Crane industry driving for more inclusive and diverse workforce
CRAC webinar participants share their experiences and thoughts to improve industry practices
Diverse and inclusive workplaces are stronger thanks to the range of viewpoints and strengths brought forward by a broad mix of employees and their experiences. However, it is still a challenge to break through the many barriers that stand in the way of diversity in established industries like construction.
Pushing through and expanding diverse and inclusive workplaces in the crane and lift sector was the topic of a webinar hosted by the Crane Rental Association of Canada. The panelists shared their insights on personal challenges within the industry, and discussed the strengths that can come from diverse backgrounds to benefit employers as a whole.
According to Shannon Moir-Riendeau, chair of CRAC's diversity and inclusion committee, the webinar was intended as an opportunity to start a conversation on the importance of diverse and inclusive workplaces.
"Today we're sharing our own experiences, creating a safe space for people to ask questions as we move the needle towards a more inclusive workplace," said Moir-Riendeau, operations manager at Moir Crane Service.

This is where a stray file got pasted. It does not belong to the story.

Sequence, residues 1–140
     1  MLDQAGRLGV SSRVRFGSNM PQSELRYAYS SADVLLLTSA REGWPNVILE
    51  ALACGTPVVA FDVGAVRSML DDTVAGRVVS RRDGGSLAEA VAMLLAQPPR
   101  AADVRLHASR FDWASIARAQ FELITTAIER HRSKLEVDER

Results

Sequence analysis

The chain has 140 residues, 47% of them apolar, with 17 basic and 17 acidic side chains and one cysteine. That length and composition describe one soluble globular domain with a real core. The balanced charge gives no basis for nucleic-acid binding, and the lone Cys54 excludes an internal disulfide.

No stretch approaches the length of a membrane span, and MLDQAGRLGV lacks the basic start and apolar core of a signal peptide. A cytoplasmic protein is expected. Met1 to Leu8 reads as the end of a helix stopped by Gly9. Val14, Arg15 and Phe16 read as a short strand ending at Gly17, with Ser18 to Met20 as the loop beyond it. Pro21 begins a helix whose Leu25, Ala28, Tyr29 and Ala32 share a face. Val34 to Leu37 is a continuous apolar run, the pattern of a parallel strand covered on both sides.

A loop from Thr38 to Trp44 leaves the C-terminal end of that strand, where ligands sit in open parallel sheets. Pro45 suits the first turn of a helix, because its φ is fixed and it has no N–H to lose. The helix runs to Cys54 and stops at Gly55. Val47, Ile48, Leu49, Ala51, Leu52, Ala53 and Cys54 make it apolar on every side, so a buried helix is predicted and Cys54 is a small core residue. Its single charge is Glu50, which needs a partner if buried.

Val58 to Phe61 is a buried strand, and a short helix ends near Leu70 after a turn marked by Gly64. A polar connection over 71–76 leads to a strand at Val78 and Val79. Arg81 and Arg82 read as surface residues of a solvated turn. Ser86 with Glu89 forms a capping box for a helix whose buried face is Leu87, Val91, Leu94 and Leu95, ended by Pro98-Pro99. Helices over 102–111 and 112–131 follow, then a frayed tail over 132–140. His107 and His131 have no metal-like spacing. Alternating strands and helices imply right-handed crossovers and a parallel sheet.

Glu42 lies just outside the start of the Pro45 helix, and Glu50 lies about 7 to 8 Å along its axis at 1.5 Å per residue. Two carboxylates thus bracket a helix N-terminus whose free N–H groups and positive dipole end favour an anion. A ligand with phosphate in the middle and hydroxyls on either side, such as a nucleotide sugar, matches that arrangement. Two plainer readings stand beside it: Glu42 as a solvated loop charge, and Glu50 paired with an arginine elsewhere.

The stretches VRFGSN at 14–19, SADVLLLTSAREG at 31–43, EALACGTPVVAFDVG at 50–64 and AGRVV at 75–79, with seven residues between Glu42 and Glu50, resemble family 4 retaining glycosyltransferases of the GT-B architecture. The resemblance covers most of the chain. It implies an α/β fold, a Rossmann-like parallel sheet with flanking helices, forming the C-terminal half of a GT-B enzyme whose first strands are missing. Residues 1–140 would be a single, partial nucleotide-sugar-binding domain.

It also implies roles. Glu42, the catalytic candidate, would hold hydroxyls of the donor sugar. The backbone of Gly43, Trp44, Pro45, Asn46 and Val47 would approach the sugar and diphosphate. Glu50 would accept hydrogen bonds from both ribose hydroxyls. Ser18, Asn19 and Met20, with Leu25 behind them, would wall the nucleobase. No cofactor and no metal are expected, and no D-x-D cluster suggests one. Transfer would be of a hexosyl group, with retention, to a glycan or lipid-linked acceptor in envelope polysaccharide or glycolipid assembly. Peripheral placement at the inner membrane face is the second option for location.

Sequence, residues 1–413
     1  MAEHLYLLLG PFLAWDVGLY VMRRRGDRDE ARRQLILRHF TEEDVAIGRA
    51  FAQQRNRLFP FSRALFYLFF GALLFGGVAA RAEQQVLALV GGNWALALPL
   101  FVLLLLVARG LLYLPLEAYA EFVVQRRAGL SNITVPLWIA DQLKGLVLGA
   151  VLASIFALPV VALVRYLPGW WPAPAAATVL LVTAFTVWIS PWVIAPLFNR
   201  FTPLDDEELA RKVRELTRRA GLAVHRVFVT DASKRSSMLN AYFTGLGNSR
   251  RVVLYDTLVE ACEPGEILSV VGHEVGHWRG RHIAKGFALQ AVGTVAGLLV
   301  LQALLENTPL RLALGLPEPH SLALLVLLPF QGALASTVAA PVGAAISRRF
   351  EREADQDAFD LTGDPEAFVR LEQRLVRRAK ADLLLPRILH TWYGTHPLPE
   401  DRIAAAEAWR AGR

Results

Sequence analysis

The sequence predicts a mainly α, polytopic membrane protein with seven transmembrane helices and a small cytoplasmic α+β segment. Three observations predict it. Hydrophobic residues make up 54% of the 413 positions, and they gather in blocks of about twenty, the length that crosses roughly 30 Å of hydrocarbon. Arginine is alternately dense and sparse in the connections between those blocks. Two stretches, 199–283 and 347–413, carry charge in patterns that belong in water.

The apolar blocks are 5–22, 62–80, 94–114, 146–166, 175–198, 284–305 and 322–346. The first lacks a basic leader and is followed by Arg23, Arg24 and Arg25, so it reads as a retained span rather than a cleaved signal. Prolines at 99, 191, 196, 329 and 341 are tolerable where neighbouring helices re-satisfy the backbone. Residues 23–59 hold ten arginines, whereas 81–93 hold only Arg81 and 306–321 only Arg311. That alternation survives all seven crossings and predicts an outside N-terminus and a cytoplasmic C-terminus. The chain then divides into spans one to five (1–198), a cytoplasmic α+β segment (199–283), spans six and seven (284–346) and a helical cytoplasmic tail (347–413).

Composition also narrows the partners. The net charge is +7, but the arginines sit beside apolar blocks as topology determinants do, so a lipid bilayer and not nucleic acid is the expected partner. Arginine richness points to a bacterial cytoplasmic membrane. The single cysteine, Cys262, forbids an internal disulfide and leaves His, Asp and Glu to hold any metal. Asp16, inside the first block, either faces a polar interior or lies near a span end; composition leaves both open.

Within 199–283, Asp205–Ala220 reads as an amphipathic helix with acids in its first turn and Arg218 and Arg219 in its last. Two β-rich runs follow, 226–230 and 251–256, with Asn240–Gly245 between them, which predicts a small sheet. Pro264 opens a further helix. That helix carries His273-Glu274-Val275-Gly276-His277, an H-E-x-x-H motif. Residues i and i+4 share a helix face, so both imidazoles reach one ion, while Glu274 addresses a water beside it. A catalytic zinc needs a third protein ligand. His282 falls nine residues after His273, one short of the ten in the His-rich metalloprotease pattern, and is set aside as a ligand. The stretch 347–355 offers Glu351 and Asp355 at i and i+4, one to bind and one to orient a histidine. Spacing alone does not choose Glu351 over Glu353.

The fifth generation of Moirs in the family business, Shannon said that despite advances in the industry, she continues to be discounted when on the jobsite.
"Many times myself, I've been asked 'can we speak to your father, or talk to one of the guys,'" she said. "This needs to change."
Shawna Boreen, the operations director for Women Building Futures, a non-profit that works with women to move into construction and other related trades, said that she has also had similar challenges - despite a long history in the industry.
"I wish I had a loonie for everyone who asked me 'can I talk to your dad?' or 'are you sure you know your directions?'" she recalled. Those people who asked that question were likely unaware that Boreen worked with her own family crane business and, in 2001, on her father's recommendation, became the first female board member of CRAC - and later the first female chair.
Sheena Baker, operations manager with Canadian Crane Rentals, grew up around cranes, and operated the equipment from a young age.
"When I was young, it was cute - everyone boasted 'oh, she can run that, that's so cute,'" she said. "I remember going to buy a crane with my dad and he never ran it - I did. People didn't know how to respond to that."
"Hold up, you're a woman"